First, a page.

Essay for Vietnam War

938 words 4 pages
The Vietnam War greatly changed America forever. It was the longest war fought in America’s history, lasting from 1955 to 1973. The Vietnam War tarnished America’s self image by becoming the first time in history the United States failed to accomplish its stated war aims, to preserve a separate, independent, noncommunist government. The war also had great effects on the American people. It was the first war ever broadcast on television. The public was able to see what happened on the battlefield. One of the chief effects of the war was the division it caused among the people. Not since the Civil War had America been so divided. This war would have lasting affects on the United States.

The Vietnam conflict began long before the U.S.
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The president wasn’t ready to send troops, but increased economic aid and sent more advisors, increasing the number from 900-15,000.

The leader of Vietnam at the time was Ngo Dinh Diem. He was a Catholic, which caused much dispute because the majority of Vietnam was Buddhist. He was blamed for the worsening situation in Vietnam. Many South Vietnamese united against Diem, and in October 1963, a military coup aided by CIA and the United States ambassador overthrew and murdered Diem. On November 22,1963 President John F. Kennedy was riding through the streets of Dallas, Texas, when he was killed by an assassin, Lee Harvey Oswald.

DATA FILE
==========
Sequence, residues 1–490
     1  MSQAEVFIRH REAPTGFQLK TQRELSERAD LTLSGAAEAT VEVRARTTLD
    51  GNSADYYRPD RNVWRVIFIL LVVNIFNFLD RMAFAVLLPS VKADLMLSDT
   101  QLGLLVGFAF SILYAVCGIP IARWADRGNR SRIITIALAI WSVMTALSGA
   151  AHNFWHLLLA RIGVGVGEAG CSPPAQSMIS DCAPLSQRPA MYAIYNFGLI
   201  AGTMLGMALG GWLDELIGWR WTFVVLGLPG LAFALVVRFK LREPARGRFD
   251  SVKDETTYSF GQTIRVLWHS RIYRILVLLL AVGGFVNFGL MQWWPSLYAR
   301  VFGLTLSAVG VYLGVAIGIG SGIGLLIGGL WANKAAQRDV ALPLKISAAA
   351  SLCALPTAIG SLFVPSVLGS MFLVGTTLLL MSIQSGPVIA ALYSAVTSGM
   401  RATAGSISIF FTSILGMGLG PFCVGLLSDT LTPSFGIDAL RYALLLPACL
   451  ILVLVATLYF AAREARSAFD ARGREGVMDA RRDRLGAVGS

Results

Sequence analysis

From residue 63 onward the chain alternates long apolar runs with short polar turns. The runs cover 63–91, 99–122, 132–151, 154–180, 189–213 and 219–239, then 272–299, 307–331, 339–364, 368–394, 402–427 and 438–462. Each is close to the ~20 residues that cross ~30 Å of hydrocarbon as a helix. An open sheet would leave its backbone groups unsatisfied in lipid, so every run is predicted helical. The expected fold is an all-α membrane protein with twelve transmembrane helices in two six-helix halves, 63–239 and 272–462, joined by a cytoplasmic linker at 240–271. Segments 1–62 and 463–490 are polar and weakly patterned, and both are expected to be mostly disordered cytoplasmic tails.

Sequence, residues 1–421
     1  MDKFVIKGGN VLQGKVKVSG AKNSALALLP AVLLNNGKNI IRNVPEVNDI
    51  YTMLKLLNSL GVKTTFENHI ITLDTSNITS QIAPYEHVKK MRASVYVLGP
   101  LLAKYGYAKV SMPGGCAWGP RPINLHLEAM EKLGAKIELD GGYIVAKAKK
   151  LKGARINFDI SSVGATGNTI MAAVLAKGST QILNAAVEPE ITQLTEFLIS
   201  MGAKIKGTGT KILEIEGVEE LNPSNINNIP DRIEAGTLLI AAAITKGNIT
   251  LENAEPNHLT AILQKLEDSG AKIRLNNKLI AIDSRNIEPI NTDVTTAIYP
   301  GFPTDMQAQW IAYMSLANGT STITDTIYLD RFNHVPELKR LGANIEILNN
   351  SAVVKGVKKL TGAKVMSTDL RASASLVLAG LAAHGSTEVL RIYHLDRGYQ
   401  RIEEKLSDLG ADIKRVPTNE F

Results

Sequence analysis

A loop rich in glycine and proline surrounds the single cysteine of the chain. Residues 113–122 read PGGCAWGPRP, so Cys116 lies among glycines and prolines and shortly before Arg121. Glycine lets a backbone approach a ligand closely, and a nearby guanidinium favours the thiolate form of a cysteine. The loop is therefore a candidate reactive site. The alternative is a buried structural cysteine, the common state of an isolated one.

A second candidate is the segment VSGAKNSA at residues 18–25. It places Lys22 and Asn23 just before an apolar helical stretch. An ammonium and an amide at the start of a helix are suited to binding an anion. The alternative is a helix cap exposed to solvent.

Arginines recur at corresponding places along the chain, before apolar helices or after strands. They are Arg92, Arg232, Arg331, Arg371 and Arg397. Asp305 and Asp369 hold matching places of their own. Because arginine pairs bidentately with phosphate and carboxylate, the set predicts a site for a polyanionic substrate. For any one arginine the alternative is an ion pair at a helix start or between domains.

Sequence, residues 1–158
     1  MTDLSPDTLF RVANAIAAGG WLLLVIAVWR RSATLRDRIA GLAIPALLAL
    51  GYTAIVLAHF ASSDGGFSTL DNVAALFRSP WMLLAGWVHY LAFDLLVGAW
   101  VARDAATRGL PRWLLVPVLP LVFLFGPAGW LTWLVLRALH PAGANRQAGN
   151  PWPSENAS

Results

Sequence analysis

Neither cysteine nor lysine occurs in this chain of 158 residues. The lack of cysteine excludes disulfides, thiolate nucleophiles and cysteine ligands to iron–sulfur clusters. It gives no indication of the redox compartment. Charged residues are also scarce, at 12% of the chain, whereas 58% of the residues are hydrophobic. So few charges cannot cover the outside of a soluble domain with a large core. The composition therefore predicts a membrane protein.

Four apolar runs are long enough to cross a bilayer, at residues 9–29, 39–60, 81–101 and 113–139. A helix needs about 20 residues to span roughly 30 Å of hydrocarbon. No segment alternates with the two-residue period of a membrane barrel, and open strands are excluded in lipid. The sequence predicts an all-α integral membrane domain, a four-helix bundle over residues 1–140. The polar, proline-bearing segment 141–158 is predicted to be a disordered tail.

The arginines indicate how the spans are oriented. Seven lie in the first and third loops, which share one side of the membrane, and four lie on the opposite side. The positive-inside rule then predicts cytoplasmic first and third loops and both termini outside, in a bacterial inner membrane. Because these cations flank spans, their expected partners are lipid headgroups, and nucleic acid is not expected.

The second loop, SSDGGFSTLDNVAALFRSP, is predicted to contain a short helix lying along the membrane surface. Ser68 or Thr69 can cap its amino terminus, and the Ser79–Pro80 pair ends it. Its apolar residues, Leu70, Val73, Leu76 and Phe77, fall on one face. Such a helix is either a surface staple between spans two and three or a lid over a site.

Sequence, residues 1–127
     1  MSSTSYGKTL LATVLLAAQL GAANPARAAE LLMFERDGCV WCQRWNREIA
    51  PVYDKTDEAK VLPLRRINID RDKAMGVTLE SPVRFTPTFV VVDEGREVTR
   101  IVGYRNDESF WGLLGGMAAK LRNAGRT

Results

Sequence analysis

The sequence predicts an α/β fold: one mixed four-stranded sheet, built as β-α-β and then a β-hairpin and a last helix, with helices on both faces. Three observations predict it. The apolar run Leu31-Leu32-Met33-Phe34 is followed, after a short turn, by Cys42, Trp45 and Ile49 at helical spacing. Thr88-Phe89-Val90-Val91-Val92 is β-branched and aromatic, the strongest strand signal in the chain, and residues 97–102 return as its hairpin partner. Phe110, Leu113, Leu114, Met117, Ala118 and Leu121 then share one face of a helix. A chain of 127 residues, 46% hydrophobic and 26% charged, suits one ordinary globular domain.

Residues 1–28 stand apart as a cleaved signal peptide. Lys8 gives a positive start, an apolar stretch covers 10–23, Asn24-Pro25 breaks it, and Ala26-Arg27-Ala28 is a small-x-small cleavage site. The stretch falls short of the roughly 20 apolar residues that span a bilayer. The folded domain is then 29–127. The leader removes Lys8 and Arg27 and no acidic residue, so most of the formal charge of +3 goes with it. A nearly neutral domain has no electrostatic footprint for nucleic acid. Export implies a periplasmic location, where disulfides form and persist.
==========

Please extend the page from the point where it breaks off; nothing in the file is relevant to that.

After the death of the president, Vice President Lyndon B. Johnson was appointed president of the United States. Johnson felt that the U.S. should stay involved in Vietnam to prove the U.S. kept its commitments and could stop communism aggression. August 2, 1964 the USS Maddox was off the coast of North Vietnam in the Gulf of Tonkin, when in was fired upon by North Vietnam coastal gunboats. On August 4 the USS Maddox and USS Turner Joy both reported attacks from North Vietnam forces. Johnson decided to escalate the war. He ordered bombing of different North Vietnam targets. Congress soon authorized the Gulf of Tonkin Resolution, which gave the president authority “to take all necessary measures to repel any armed attack against forces of the United States and to prevent further aggression.” Johnson came up

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